This article was produced and financed by BI Norwegian Business School
Narcissists get picked as leaders
People with narcissistic traits are often attracted to management positions – and they tend to get the job. This could be bad for business.
BI Norwegian Business School
When organisations set out to recruit new leaders, they typically search for candidates who are dynamic, prepared to make tough decisions, have self-confidence and the capacity to be strong negotiators.
These are just a few of the qualities that characterise effective leaders.
We also find these same qualities in people who have significant narcissistic tendencies. We would prefer not to have them as leaders, precisely because they may possess too much of a quality that is considered good in many contexts.
Run their own agenda
"People with narcissistic personality disorders will be interested in dominance, status, recognition, power and admiration. They may not think twice about using others to achieve their goals," says PhD candidate Christian Enger Gimsø at BI Norwegian Business School.
"Leaders who score high on narcissistic traits lack the ability to relate to others. They run their own agenda with no thought for the people around them," he says.
This can mean poor leadership performance.
People with narcissistic personality disorders typically gravitate to management positions because they focus on power and status.
Many organisations assess a candidate's leadership potential using traditional recruiting methods such as job interviews and checking the candidate's Curriculum Vitae (CV).
How proficient are they at selecting the right candidates with effective leadership abilities, and how good are they at weeding out candidates with significant narcissistic traits?
In his doctoral project at BI Norwegian Business School, Christian Enger Gimsø conducted a study of how candidates with narcissistic traits are evaluated in the recruiting process.
He wanted to find out whether candidates with narcissistic traits earned a positive assessment for their leadership potential and, if so, whether they were also considered to be more suitable candidates than those with few narcissistic traits.
Gimsø conducted a study of 3,200 candidates in connection with three different admission processes at officers candidate schools in Norway. The Norwegian Armed Forces' officer candidate schools offer approved leadership training, which has developed many candidates into leading positions in Norwegian society.
Candidates who seek admission to an officers candidate school must undergo a structured, standardised job interview. The interview is geared both to objective criteria and an assessment of the candidate's leadership potential. Participants in the study have taken a personality test which measures factors such as narcissistic personality traits.
The study shows a positive link between the candidate's score on narcissistic traits in the personality test and how he or she is assessed in the job interview. Candidates with narcissistic traits did well in the admission interview. The study also reveals a correlation between personality test results and whether or not the candidate was admitted as an officer cadet.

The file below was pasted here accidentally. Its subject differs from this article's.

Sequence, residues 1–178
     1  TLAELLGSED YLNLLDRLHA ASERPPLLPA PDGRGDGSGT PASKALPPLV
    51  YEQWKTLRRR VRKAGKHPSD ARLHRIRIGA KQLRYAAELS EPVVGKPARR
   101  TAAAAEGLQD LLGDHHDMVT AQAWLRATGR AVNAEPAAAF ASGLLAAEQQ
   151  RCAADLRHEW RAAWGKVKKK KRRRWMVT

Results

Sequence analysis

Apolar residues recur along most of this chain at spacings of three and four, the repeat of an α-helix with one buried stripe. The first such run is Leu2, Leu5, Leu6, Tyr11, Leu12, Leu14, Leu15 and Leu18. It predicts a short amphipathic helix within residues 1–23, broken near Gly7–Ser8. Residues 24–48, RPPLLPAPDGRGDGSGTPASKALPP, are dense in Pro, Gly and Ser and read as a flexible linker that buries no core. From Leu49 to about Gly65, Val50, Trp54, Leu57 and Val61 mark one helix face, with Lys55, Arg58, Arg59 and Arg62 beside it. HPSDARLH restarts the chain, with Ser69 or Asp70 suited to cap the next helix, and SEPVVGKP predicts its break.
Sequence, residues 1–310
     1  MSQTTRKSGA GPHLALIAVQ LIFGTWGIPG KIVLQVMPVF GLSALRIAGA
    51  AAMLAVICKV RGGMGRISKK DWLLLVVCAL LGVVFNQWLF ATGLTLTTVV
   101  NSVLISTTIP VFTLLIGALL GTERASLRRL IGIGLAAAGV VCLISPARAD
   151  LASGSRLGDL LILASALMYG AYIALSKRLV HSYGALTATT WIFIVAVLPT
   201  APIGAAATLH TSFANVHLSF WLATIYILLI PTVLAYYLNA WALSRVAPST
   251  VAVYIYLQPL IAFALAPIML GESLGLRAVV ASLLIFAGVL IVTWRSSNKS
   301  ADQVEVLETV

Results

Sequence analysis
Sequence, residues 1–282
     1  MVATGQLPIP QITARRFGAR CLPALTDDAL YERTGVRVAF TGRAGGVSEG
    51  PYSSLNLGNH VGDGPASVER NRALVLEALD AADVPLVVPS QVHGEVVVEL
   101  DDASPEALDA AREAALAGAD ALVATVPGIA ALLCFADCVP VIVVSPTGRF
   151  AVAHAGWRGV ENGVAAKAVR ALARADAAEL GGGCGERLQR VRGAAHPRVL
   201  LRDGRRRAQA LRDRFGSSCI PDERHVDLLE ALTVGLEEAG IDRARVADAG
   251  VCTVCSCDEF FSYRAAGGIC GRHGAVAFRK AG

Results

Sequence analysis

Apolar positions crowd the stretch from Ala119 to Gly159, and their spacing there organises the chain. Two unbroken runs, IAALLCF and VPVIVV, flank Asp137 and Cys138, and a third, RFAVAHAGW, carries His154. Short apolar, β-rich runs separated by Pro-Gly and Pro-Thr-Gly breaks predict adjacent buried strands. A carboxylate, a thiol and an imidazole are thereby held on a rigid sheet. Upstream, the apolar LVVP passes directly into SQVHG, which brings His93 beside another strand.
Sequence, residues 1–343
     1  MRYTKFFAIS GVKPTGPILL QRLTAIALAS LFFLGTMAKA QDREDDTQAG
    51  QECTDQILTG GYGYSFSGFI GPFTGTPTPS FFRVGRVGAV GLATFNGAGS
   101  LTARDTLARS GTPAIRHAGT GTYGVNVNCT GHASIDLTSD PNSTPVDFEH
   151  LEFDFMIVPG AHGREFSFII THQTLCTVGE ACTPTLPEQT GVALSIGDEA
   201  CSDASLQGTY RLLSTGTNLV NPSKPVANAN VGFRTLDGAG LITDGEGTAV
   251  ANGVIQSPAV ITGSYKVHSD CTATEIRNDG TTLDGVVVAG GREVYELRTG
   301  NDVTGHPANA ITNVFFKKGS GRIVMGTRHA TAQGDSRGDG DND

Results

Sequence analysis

Candidates with narcissistic traits not only did better on the admission interview, they were also admitted as leadership talents (officer training cadets).
The crucial issue
Gimsø also conducted a follow-up study to reveal which part of the interview is most vulnerable as regards the candidate's narcissistic personality traits.
There was no correlation between the interview assessments and the degree of narcissism in those parts of the interview dealing with objective criteria related to the candidate and the candidate's CV.
Interviews aimed at evaluating the candidate's leadership potential are scenarios where candidates with significant narcissistic traits reinforce their chances of being among the chosen.
Christian Enger Gimsø emphasises that the proven statistical correlations are not very strong, but the findings are consistent both over time and across sample groups.
"The study indicates that candidates with a high degree of narcissistic traits do better in the admission interview than candidates with a lower degree of narcissism. They are also more likely to be admitted," the organisational researcher points out.
Gimsø has developed four recommendations for separating good, effective leader talents from candidates with undesirable narcissistic traits.
1. The candidates must be treated as equally as possible in the job interview. The interview should be well-structured, both as regards how the questions are formulated and how the responses are evaluated.
2. Use multiple tools to assess the candidates.
3. Don't just look for the qualities you want. Also look for the qualities you definitely do not want to have (dark personality traits).
4. Check references, but don't just settle for the supervisor. Also consult with peers and subordinates. They may have quite a different perception than supervisors.
- Narcissus and Leadership Potential - The measurement and implications of narcissism in leadership selection processes. Series of Dissertation 4/2014, BI Norwegian Business School.